plant based vegan burger

 Alternative proteins are still largely owned by the big processed food or meat giants and do not contribute to shifting the current power structure in the food system

We at Feedback are disappointed by the government’s dodging of responsibility on action on diets in the National Food Strategy policy paper.

Failure to achieve a dietary shift will rule out meeting the Paris Agreement’s target of limiting warming to 1.5°C above industrial levels. As set out in the National Food Strategy and by the Committee on Climate Change, the UK must reduce meat consumption significantly by 2030, and beyond. The government ignores all these recommendations and plans to placate the concerned public and civil society groups by supporting alternative proteins instead. This is not a proven pathway to meat reduction and by masquerading as meaningful action it sends the dangerous message that climate mitigation has been dealt with.

In its food strategy policy paper, the government announced that it would be supporting the development of alternative proteins through research and innovation.

Feedback commissioned Oxford University’s Brian Cook to research the environmental, health and food sovereignty impact of alternative proteins. The forthcoming report concludes that while plant-based alternative proteins do offer huge environmental benefits compared with their meat counterparts and may help normalise plant based eating, they come with a potential nutritional cost and may entrench existing food system power structures. Most concerning is the lack of evidence that increased sales of alternative proteins leads to reduced meat consumption.

On the nutritional side, alternative proteins are ultra-processed and modelling of increased consumption shows increased sugar, sodium and carbohydrate intake. We still do not know the full impact of consuming highly processed food. A plant-based diet based on whole foods remains the healthiest option and while the government’s policy paper noted that British-grown pulses were sustainable and healthy, the paper did not mention any support for growers.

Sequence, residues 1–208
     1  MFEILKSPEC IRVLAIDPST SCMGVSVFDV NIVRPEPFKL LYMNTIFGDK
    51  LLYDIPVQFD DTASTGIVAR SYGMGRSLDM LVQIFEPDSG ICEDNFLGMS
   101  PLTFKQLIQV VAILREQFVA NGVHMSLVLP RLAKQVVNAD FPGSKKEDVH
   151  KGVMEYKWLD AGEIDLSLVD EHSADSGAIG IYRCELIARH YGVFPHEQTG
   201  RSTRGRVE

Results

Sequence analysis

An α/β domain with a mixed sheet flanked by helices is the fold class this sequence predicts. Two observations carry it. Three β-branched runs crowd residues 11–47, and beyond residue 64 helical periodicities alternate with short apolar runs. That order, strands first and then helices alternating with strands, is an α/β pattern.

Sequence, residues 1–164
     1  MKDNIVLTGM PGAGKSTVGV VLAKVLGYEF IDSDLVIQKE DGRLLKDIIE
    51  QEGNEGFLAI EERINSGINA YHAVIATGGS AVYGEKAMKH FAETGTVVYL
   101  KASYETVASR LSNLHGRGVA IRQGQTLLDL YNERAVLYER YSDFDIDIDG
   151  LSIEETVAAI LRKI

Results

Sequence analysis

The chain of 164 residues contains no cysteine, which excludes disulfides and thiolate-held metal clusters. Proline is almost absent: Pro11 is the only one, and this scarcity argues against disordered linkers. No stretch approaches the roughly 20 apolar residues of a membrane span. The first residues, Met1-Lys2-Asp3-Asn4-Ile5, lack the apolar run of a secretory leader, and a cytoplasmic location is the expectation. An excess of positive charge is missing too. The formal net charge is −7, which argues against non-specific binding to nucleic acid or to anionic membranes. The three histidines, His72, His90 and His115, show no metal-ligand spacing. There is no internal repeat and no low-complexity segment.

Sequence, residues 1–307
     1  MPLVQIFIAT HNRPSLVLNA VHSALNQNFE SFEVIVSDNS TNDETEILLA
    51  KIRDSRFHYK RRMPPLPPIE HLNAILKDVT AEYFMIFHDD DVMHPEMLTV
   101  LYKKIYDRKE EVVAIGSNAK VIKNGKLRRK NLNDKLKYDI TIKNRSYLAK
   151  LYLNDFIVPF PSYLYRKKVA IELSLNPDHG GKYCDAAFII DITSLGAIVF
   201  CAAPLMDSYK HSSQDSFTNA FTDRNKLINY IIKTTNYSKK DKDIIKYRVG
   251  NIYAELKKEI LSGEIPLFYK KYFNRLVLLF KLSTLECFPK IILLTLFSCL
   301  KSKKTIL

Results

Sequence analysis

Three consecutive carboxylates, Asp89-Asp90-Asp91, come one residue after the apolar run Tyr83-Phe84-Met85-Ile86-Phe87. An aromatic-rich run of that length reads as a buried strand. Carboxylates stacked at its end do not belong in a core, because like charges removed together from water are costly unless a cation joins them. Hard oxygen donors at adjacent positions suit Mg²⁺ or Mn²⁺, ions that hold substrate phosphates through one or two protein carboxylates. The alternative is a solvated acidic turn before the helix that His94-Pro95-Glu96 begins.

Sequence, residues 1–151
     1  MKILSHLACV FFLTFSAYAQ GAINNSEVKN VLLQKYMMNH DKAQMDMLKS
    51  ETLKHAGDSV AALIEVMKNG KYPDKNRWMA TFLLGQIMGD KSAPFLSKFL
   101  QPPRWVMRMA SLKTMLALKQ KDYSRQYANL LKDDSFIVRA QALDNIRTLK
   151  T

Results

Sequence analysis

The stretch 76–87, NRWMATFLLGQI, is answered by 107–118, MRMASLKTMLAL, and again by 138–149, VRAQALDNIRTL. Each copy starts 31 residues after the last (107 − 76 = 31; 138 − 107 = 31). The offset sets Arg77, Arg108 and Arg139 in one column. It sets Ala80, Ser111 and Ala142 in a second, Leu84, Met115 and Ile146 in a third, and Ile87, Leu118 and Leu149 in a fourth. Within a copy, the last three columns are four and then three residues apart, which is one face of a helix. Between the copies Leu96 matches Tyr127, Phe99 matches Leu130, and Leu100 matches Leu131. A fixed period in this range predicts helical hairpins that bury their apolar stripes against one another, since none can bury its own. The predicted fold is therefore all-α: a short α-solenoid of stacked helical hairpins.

A second finding in Cook’s report was that alternative proteins are still largely owned by the big processed food or meat giants and do not contribute to shifting the current power structure in the food system.

On the environmental side, it’s not clear if the government’s investment help may be directed towards cultured meat, the GHG emissions of which are still unknown. The cultured meat that might receive some of the government’s funding pot faces real long-term scalability and affordability questions.

Perhaps the most shocking finding about the sector is that there is no evidence that increased sales of alternative proteins means reductions in meat or dairy. In the government’s policy paper, they state the alternative protein sector will complement traditional livestock sectors and that sustainable protein does not need to displace traditional sectors. If alternative proteins are not going to help us reduce the emissions and biodiversity burden of meat and dairy then they can only be a red herring, distracting us from the need for more impactful measures including a meat reduction target.

Science isn’t telling us we need more choice, it is telling us we need less meat. Alternative proteins are not currently a proven pathway to meat reduction; evidence that they reduce meat sales is poor. A meat reduction target by supermarkets in line with Eating Better’s Target of 50% can help us get to a healthier and more sustainable way of eating. It’s incumbent on supermarkets to reduce meat and dairy: after all, with nearly all UK adults doing their groceries shop at large retailers, they are the ones shaping what we eat.

Not only that, reducing meat and dairy sales will be necessary, if supermarkets are to meet the new Courtauld Commitment many have signed up to, to halve the greenhouse gas emissions associated with food and drink consumed in the UK by the end of the decade.